In other words, their dreams reflected the things that happened to them earlier in the day.
A study by the University of Wisconsin-Madison — where they measured the brain waves of people as they slept — concluded that we spend up to 70 per cent of our nights dreaming (File image)
Most dreams occur during a stage of sleep called rapid eye movement (REM), particularly our anxiety dreams, which paradoxically serve an important purpose: helping us feel less stressed when we are awake.
During REM sleep most of our muscles are paralysed. We still breathe, but apart from that, the only part of us that is obviously moving is our eyes. (If you look at someone in REM sleep, underneath their eyelids, their eyes will be flickering madly.) It’s thought this ‘sleep paralysis’ is to ensure we don’t act out our dreams.
REM sleep is also the only time, day or night, when links to stress-inducing chemicals in the brain are switched off. This means that, while the dreams we have might be scary, they’re nothing like as bad as they would be if you were having them while you were awake.
Having a stress dream while in REM sleep is a form of psychotherapy — you revisit unpleasant memories and events but remain calm. This allows you to process your emotions and defuse them.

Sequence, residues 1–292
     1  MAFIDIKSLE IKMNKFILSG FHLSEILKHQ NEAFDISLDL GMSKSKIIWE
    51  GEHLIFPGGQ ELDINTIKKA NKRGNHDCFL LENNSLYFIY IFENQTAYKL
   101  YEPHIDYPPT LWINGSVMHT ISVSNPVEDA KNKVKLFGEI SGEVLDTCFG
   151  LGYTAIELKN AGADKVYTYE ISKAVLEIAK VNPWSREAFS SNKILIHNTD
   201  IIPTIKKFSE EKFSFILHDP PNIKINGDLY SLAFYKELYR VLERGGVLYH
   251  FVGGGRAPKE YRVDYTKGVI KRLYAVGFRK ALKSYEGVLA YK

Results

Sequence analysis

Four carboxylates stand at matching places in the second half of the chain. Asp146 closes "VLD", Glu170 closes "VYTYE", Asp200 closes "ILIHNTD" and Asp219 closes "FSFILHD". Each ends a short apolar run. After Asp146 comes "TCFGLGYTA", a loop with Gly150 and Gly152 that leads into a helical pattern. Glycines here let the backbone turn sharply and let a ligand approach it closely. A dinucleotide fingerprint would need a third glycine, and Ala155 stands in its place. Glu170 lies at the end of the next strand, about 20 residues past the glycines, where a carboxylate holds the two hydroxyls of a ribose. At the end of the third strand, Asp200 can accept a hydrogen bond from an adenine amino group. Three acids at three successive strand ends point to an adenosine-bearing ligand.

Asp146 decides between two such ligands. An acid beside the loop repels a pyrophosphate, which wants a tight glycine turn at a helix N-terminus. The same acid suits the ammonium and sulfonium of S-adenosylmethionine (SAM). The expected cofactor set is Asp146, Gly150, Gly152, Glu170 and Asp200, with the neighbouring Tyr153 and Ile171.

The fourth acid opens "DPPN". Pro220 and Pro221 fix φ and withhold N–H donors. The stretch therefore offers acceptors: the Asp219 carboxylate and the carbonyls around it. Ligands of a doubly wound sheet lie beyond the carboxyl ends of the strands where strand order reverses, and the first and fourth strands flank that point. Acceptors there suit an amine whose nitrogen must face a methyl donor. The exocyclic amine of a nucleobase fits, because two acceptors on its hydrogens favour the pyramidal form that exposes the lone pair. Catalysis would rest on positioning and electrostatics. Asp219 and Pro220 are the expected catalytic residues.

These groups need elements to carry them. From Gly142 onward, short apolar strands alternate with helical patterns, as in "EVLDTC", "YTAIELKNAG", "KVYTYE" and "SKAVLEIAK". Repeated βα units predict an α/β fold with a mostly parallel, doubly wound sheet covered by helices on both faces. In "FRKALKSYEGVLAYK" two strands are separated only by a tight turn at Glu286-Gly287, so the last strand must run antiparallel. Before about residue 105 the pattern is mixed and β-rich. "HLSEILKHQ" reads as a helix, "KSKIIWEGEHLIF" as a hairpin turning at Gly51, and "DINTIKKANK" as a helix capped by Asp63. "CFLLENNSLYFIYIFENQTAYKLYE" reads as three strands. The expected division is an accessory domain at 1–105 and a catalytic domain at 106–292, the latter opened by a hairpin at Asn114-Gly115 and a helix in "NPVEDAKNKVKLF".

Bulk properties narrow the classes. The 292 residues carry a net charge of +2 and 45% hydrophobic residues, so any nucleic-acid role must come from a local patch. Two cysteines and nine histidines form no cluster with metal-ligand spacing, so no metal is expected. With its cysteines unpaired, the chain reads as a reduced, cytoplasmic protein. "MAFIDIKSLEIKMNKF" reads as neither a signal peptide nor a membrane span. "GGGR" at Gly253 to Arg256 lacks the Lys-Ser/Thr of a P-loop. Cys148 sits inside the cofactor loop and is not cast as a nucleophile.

So the more REM sleep you can get, the better for your emotional wellbeing. We get REM sleep throughout the night, but more of it towards morning, so try not to cut your sleep short.
There are lots of different ways people express anxiety in their dreams, but here are six of the most common:
1. Running late
For me, this takes the form of trying to pack in order to catch a plane, but failing. Or sometimes I’m late for a meeting and unable to find my way there.
These types of dreams are thought to be your subconscious mind telling you that you’re cramming too much into your life.
It’s time for me to reign myself in!
Now that I’m 66, I find I get tired more easily than I used to — yet despite this, I’ve also overcommitted to doing lots of stuff that I don’t really want to do.